Facebooking with Grandma

So you’ve tried to show your grandmother how to use Facebook three times and she can never remember how to log in… Or you desperately need your mother to learn to text so she won’t interrupt your workday with calls.

Interestingly, though, once older adults get online, they tend to be very active!

Why is it difficult to teach older adults how to use the Internet, cell phones, and other technology? And given the uses and benefits that most of us value so highly, why do some seniors seem unmotivated to learn?

The Slow Starter

The number of seniors using the Internet has grown much more slowly year by year than the rate of Internet use by adults in general. In 2012, the Pew Research Center’s Internet and American Life Project was finally able to announce that more than half (53 percent) of American adults over age 65 are online and using e-mail. When asked their reasons for not going online, most said they either “didn’t need it,” didn’t see the benefits of it, or didn’t know how to access it.

Interestingly, though, once older adults get online, they tend to be very active!

What does this suggest? That seniors only discover the benefits of being online once they are. In other words, showing your grandmother the baby pictures your sister just posted on Facebook is going to be a much more powerful motivator than anything you can say.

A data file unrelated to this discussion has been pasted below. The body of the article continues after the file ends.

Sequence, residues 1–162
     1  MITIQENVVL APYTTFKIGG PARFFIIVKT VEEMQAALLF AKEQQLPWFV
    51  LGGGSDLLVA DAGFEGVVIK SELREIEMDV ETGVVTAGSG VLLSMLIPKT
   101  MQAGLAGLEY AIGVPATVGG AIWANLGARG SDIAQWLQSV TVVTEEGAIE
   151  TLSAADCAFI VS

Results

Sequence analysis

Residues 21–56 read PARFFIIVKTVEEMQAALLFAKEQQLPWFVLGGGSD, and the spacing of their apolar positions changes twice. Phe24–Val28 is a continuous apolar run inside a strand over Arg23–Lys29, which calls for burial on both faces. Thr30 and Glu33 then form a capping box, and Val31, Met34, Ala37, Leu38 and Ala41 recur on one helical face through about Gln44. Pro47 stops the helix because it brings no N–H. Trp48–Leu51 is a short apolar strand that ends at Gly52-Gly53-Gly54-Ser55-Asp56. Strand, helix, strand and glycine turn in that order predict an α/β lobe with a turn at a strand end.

How to Help

The best way to help a slow starter is with the simplest possible technology and step-by-step demonstrations. So next time you visit, sit down with Dad or Grandma and walk them slowly through the basic steps, starting wherever they are. If your loved one is resisting the introduction of technology at home, get her started at the library, or bring your own laptop or tablet over to show her what she’s missing.


  • Many adult day programs and community centers offer such courses, too.
  • Keep in mind any physical limitations — if your loved one has arthritis that interferes with typing, for example, a tablet or an oversized keyboard might be the solution.
  • If eyesight is an issue, there are phones designed with larger interfaces, and you can increase type size on devices and computers.

The Nervous Nellie

“Oh, I don’t know, I don’t think I’ll be able to learn to use it,” your elderly parent says when you offer to buy her a smartphone. Many older adults respond to the constant demands of changing times by becoming easily intimidated and even fearful. Often their nervousness is accompanied by self-doubt and a sort of fatalism: “I think it’s a little late in life for me to learn all that

How to Help

Like most of us, older adults learn best with one-on-one, hands-on show-and-tell. And the more nervous and intimidated your loved one is about technology, the more important it is to transmit information in small bites. Show your loved one how to do one thing at a time, and let her practice doing it on her own multiple times before moving on to another challenge. Also, don’t throw a bunch of new tools at her at once; the government survey found that seniors learn best when technology is delivered using equipment they’re already familiar with. Of course, this doesn’t help if your parent or loved one uses no technology at all, but it suggests that if your loved one already has experience with one type of technology, you might want to increase her skills in that area before trying a new device.

The Cranky Curmudgeon